Joe Biden memory report was a smear, say Democrats

Appearing before the House Judiciary Committee on Tuesday, Mr Hur defended his findings and claimed he had remained impartial during the investigation.
Appearing before the House Judiciary Committee on Tuesday, Mr Hur defended his findings and claimed he had remained impartial during the investigation - Win McNamee

The special prosecutor who published a bombshell report raising questions about Joe Biden’s memory has denied Democrat accusations that it was a smear, arguing that the “president himself put his memory squarely at issue”.

Robert Hur’s claim that there were “significant limitations” in Mr Biden’s recall created a political storm for the president when it was released on February 5.

His report said Mr Biden was unable to remember when his son died or when he served as vice president, and that he should not be prosecuted for improper storage of classified documents because a jury would find him to be a “well-meaning, elderly man with a poor memory”.

The claims forced Mr Biden to give an impromptu press conference to insist he was mentally capable, and the report was dismissed by Democrats, who said he had deliberately lied about the president’s memory to discredit him.

Appearing before the House Judiciary Committee on Tuesday, Mr Hur defended his findings and claimed he had remained impartial during the investigation.

The government-appointed prosecutor said his report had given a “thorough evaluation and explanation of the evidence” and that “partisan politics had no place whatsoever in my work”.

“The evidence and the president himself put his memory squarely at issue,” he said.

He repeated his claim that Mr Biden’s memory was “poor”, and that in two interviews conducted last October, he had struggled to recall basic facts about his own life.

Mr Hur was attacked by both Democrats and Republicans on the committee, with Mr Biden’s supporters arguing that the lawyer had been too critical of the president’s memory.

Adam Schiff, a Democrat representative for California, said: “You were not born yesterday, you knew exactly what you were doing. It was a choice. You made a choice. It was a political choice; it was the wrong choice.”

Hank Johnson, another Democrat, said that Mr Hur had “smeared” the president for political gain.

Mr Hur responded that he decided not to “shape [or] sanitise” his report for political purposes and that he had no intention of serving in a Republican administration.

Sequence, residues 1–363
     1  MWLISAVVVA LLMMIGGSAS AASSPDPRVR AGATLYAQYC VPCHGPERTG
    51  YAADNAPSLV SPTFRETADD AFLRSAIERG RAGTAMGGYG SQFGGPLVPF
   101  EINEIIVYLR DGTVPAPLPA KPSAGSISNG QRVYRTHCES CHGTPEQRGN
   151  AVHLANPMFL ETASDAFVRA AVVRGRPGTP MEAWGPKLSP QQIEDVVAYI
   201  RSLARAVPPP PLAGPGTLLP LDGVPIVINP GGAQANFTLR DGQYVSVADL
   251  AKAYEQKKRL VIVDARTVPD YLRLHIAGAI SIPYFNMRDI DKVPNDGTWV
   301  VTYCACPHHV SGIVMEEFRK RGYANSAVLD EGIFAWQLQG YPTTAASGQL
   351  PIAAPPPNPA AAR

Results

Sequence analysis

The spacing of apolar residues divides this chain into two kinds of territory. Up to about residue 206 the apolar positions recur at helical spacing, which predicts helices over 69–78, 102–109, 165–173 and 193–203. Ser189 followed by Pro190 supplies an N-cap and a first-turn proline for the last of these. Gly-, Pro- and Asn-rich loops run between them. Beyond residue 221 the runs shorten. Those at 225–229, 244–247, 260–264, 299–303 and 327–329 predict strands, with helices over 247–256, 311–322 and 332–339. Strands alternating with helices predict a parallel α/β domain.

The lawyer was also criticised by Republicans who said that he was wrong not to pursue criminal charges against Mr Biden for improperly keeping classified documents from his time as vice president in his garage.

Matt Gaetz, a House Republican, said Mr Biden was “senile” and had told “lies” about the interviews with Mr Hur’s team, and compared the case to the legal action against Donald Trump over classified documents he allegedly kept from his presidency.

Another said that Mr Hur was part of a “praetorian guard” that protects “the swamp” and “elites”.

The committee session, ostensibly designed to shed light on the investigation into Mr Biden, was used by representatives from both major parties to boost their candidate ahead of November’s election.

However, a transcript of the conversation between Mr Biden and Mr Hur did reveal more detail about Mr Biden’s memory slip-ups, after he claimed they had been invented.

Although it shows the president had a sharp memory of much of his time in office during the interview, his recollection occasionally appeared to fade.

In one part of the transcript, Mr Biden appeared not to remember the details of his son Beau dying of brain cancer in 2015.

In a discussion about the period between 2017 and 2018, the president told Mr Hur: “Remember, in this time frame, my son is - either been deployed or is dying”.

In a separate discussion, he asked: “What month did Beau die? Oh, God, May 30…”

His team told him the year that Mr Biden Jr had died, and he responded: “Was it 2015 that he died?”

In Mr Hur’s report last month, he wrote that Mr Biden “did not remember, even within several years, when his son Beau died”.

Mr Biden responded that it had been the lawyer who first raised the issue of his son’s death, telling reporters: “Frankly, when I was asked the question, I thought to myself, it wasn’t any of their damn business. How in the hell dare he raise that?”

But the transcript showed it was Mr Biden who first mentioned his son’s death, using it as a reason why he may not remember the details of the documents he was storing at the time.

In other sections of the interview, the president forgot the word “fax machine”, and was left grasping for a description of the device that transmits images of documents over phone lines.

He also forgot the name of the National Archives, the federal agency that takes custody of official records.

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